In his younger years John Cooper, the future president of the Indianapolis Motor Speedway and Daytona Int’l Speedway, ventured to the south for an IMCA sprint car race.
Standing next to the organization’s legendary promoter Al Sweeney, Cooper stared with awe at a packed stand full of fairgoers primed for some racing action. With his fertile mind fully engaged, Cooper turned to Sweeney and asked the most basic of questions, “What draws people to these events?”
Sweeney never hesitated. Looking his young protégé in the eye he responded, “The reflected glory of the Indianapolis 500.”
Who knows what direction American auto racing would have taken if three-time Indy 500 winner Wilbur Shaw had failed in his attempt to persuade Terre Haute businessman Anton “Tony” Hulman to save the crumbling Indianapolis Motor Speedway from oblivion?
Yet, by 1946 Hulman and his associates had the venerable plant back in action, and in many ways the Golden Days of the Brickyard awaited.
There is probably no single period in the history of the 2.5-mile oval that captured the imagination of fans quite like the roadster era. Beginning with Bill Vukovich’s heat defying domination in 1953 the roadsters held sway over the nation’s premier motorsports event for more than a decade.
The rise of the roadster was a product of its time. Many of the master mechanics, fabricators and metallurgists who had worked in the aircraft industry during World War II realized what they had learned about construction and aerodynamics during wartime could be useful to make race cars go faster.
Men such as Frank Kurtis, A. J. Watson, Quinn Epperly, George Salih and Luigi Lesovsky became recognizable faces at Indianapolis Motor Speedway. In short order the roadster spelled the death knell for the classic dirt car at Indianapolis.
Nonetheless, the national championship trail was littered with one-mile dirt tracks. Thus, throughout the 1950s fans could find the stars of the Indianapolis Motor Speedway at places such as Bay Meadows and San Jose in California, the Detroit Fairgrounds, Denver’s Centennial Park and the Arizona State Fairgrounds in Phoenix.
Additionally, the Hoosier Hundred at the Indiana State Fairgrounds was the most lucrative dirt race in the country.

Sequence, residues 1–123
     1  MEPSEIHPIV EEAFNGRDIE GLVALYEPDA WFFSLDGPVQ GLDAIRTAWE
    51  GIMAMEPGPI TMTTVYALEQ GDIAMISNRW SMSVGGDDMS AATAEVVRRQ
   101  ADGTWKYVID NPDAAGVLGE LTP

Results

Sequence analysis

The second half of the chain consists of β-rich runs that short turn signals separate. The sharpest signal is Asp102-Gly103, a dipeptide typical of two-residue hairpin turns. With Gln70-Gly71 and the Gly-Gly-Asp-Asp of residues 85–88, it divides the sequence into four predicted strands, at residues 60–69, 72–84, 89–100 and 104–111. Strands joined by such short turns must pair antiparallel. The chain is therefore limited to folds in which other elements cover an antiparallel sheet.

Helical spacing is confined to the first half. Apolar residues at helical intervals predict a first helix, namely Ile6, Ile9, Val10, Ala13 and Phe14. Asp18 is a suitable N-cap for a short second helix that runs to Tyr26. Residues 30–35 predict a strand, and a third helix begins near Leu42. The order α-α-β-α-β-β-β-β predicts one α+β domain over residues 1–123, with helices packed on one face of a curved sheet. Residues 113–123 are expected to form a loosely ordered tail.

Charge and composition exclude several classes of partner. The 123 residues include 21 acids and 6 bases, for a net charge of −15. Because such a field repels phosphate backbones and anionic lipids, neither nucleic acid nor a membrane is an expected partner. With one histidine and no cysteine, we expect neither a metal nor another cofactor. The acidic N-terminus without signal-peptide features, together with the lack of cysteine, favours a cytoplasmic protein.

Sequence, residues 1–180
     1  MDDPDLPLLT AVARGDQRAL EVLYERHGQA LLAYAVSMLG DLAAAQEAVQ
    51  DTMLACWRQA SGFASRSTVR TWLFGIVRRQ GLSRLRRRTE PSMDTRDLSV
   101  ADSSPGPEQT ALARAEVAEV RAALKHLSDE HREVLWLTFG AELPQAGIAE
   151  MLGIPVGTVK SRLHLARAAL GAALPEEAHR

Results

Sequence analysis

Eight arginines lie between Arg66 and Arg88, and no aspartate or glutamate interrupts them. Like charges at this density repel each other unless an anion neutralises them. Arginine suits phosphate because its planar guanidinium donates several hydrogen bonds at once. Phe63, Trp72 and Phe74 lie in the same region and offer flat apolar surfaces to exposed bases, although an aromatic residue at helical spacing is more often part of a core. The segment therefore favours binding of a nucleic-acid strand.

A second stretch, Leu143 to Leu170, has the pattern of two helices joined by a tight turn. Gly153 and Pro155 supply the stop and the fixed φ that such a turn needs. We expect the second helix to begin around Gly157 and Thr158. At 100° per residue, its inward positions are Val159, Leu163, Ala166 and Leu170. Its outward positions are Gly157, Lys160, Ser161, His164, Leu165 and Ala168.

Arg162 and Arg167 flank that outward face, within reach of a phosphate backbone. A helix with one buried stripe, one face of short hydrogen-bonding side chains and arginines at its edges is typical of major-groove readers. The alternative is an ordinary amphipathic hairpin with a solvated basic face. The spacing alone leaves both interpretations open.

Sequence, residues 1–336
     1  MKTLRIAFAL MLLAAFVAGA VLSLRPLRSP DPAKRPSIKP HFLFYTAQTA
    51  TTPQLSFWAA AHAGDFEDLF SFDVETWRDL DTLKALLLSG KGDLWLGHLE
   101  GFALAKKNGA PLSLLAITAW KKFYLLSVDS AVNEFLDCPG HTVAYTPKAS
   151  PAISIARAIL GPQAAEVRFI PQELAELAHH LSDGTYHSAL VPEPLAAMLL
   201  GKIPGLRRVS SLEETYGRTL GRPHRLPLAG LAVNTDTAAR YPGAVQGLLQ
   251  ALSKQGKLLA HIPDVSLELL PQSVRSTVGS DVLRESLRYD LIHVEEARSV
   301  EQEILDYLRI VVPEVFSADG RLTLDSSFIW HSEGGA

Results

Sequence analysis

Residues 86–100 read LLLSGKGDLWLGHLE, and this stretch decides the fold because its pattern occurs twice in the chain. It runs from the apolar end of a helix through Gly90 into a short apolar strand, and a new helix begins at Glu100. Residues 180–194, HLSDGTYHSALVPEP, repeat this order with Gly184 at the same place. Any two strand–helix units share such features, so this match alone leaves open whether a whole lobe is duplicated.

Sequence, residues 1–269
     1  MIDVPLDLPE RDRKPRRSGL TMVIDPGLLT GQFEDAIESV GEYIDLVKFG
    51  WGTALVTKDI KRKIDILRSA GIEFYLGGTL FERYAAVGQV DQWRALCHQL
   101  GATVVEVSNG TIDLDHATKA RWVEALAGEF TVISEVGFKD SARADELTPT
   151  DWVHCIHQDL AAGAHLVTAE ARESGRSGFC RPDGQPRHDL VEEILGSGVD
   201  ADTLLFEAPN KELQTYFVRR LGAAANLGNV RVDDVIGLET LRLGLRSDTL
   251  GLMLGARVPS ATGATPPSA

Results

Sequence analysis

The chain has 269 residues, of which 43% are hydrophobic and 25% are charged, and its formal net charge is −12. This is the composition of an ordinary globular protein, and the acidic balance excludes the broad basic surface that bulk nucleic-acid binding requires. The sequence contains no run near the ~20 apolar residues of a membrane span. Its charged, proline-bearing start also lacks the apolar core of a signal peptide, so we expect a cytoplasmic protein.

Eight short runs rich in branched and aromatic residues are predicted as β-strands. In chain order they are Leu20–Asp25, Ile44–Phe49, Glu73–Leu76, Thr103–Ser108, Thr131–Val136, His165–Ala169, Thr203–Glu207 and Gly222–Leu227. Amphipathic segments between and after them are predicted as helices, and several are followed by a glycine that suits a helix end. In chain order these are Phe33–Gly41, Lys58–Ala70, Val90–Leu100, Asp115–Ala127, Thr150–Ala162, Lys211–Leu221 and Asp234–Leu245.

Then came another sea-change. In 1964, A. J. Foyt became the last man to win the Indianapolis 500 in a front-engine car and by that time the handwriting was already on the wall. Dirt tracks such as The Milwaukee Mile and Pennsylvania’s Langhorne Speedway were paved and gleaming new superspeedways were sprouting across the land.
When Al Unser carried his beautiful George Bignotti-prepared Johnny Lightning Special to victory at the California State Fairgrounds on Oct. 4, 1970, it was the last time a race contested on dirt was included on the national championship schedule.
Some thought the days of the classic dirt car were over. However, to the surprise of some, the United States Auto Club announced a separate series would be established for championship dirt cars. The inaugural season called for races at Nazareth (Pa.) Speedway, the Indiana State Fairgrounds and the one-mile ovals at the Illinois State Fairgrounds and Du Quoin State Fairgrounds. Many doubted the series could survive.
Car owners, drivers and fans proved to be a stubborn lot and did not allow this style of racing to die. Luckily, during the early days of the series superstars such as Foyt, Mario Andretti and Unser refused to turn their back on the dirt cars.
This group handed the baton to a new crop of Indy 500 veterans that included Tom Bigelow, Larry Rice, Pancho Carter and Gary Bettenhausen. Men such as Chuck Gurney, Jack Hewitt and Jimmy Sills relished the chance to take on the vaunted miles. Other future Hall of Fame drivers followed their lead.
Over a half-century has passed since the Silver Crown Series was launched. To remain vibrant required some significant adjustments. Hence, today more races are conducted on half-mile ovals, and pavement dates comprise the majority of the calendar.
Sadly, the Hoosier Hundred, the undisputed crown jewel of the discipline has now faded away, the victim of renovations at the Indiana State Fairgrounds. Now, as difficult as it is to fathom, only two active one-mile dirt ovals, both on Illinois soil, survive.
Still, when you talk to participants, they acknowledge the prestige that comes with winning at Springfield and Du Quoin.
With 18 series wins to his credit and decades behind the wheel, Brian Tyler is one of the old guard. Six times Tyler has taken the checkered flag on the big dirt miles, most recently at Du Quoin in 2021.